Pesticides and Water Quality

Featured Study: Pesticides in Stream Biofilms

Featured Study: Pesticides in Stream Biofilms

Analysis of stream biofilms reveals the presence of a wider array of pesticides than analysis of bed sediment, reports a new study by the USGS Regional Stream Quality Assessment.

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Featured Study: Multiple Pesticides in U.S. Streams

Featured Study: Multiple Pesticides in U.S. Streams

A mix of multiple pesticides is common in many U.S. streams, reports a new study by the U.S. Geological Survey National Water Quality Program.

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Science Center Objects

Pesticides are chemicals designed to kill pests, including insects (insecticides), weeds (herbicides), and fungi (fungicides). The USGS assesses the occurrence and behavior of pesticides in streams, lakes, and groundwater and the potential for pesticides to contaminate our drinking-water supplies or harm aquatic ecosystems.

Pesticides are used in agriculture, in homes and businesses, on lawns and gardens, along roads, in recreational areas, and on pets and livestock. There are hundreds of different pesticide chemicals in use in the United States. In 2007, about 390 million kilograms (430,000 tons) of pesticides, including herbicides, insecticides, and fungicides, were used in the United States. Pesticides released into the environment for agricultural and nonagricultural purposes can contaminate surface water and  groundwater, which are critical sources of drinking water.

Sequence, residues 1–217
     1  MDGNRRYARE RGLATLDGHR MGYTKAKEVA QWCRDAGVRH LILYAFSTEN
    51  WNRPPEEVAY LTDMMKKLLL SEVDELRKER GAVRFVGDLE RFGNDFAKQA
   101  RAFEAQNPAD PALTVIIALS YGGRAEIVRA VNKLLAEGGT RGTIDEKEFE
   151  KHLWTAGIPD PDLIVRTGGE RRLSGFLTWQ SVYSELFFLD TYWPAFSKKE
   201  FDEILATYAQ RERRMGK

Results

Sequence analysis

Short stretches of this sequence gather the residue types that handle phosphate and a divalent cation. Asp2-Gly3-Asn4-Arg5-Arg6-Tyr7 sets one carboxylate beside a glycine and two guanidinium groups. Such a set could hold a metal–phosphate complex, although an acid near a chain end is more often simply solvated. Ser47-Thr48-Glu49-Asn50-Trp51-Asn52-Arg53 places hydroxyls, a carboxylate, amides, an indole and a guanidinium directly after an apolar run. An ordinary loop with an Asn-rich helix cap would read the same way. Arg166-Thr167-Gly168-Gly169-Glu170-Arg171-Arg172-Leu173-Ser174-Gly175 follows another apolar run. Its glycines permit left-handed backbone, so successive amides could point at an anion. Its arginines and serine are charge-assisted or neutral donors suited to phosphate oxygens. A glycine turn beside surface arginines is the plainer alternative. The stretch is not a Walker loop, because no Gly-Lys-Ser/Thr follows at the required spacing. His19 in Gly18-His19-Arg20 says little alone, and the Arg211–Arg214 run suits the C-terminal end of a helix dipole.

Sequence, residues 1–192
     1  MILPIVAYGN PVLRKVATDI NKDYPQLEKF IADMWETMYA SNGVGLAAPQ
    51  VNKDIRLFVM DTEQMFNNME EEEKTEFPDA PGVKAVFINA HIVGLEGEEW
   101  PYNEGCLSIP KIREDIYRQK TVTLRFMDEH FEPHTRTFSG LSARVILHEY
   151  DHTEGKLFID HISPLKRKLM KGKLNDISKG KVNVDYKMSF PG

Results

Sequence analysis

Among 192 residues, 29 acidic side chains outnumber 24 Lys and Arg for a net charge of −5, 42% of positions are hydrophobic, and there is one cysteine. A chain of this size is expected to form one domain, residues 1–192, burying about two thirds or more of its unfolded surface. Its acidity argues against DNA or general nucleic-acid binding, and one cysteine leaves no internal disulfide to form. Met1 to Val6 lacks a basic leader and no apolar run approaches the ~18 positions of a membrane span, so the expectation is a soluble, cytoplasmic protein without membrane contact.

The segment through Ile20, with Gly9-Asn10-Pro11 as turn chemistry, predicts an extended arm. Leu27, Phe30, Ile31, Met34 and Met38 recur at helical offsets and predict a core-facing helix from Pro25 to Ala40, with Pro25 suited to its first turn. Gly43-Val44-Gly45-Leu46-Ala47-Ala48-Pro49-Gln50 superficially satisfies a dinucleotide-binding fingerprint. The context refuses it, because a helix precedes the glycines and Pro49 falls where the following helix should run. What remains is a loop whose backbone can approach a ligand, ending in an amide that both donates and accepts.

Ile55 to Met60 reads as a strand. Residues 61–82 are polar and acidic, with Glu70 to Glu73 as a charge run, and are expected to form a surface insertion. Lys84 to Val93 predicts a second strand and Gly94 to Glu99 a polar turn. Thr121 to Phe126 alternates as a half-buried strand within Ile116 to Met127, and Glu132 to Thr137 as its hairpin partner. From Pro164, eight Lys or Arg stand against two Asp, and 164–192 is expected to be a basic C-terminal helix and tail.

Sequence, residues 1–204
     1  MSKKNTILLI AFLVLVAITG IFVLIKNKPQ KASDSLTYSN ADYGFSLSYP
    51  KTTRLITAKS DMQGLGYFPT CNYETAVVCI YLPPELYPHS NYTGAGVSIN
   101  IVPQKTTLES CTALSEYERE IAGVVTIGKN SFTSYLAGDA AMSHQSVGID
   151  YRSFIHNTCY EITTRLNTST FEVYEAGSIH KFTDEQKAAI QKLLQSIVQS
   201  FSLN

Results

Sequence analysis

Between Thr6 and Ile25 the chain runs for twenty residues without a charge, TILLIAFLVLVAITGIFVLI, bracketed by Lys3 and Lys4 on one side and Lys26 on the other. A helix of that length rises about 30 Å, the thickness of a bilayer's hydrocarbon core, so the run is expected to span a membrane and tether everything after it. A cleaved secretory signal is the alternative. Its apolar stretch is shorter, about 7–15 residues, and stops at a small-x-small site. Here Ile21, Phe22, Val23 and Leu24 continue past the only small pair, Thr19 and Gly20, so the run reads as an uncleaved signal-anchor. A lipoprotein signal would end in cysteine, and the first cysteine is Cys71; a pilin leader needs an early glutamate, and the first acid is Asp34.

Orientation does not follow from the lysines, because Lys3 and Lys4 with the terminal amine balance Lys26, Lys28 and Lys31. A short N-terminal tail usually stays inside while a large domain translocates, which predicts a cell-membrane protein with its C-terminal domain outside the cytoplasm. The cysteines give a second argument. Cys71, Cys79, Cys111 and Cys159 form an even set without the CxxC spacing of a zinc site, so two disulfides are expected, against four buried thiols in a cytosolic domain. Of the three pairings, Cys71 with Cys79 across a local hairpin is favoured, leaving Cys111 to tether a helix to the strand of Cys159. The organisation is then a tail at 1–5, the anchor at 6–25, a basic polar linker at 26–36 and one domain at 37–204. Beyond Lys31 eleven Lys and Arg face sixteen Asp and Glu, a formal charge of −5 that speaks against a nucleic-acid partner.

A national map that shows by color estimated concentrations of atrazine in shallow groundwater underneath agricultural land.

This map shows the predicted probability that the sum of concentrations of atrazine and its degradate deethylatrazine (DEA) will exceed 3.0 micrograms per liter (µg/L) in shallow groundwater underlying agricultural lands. Although shallow groundwater is unlikely to be used as a source of drinking water, the 3.0 µg/L threshold shown on this map is EPA’s drinking water standard (Maximum Contaminant Level) for atrazine.  About 95% of the nation’s agricultural areas have less than a 10% chance of exceeding this threshold. Atrazine is one of the most extensively used herbicides in the United States, with average annual use over 70 million pounds—primarily for corn and sorghum. (Credit: Paul Stackelberg, USGS)

The USGS, through its National Water Quality Program, researches numerous aspects of pesticides and water quality, and has developed maps, graphics, and tools to aid in understanding where pesticides occur, at what concentrations, and potential consequences.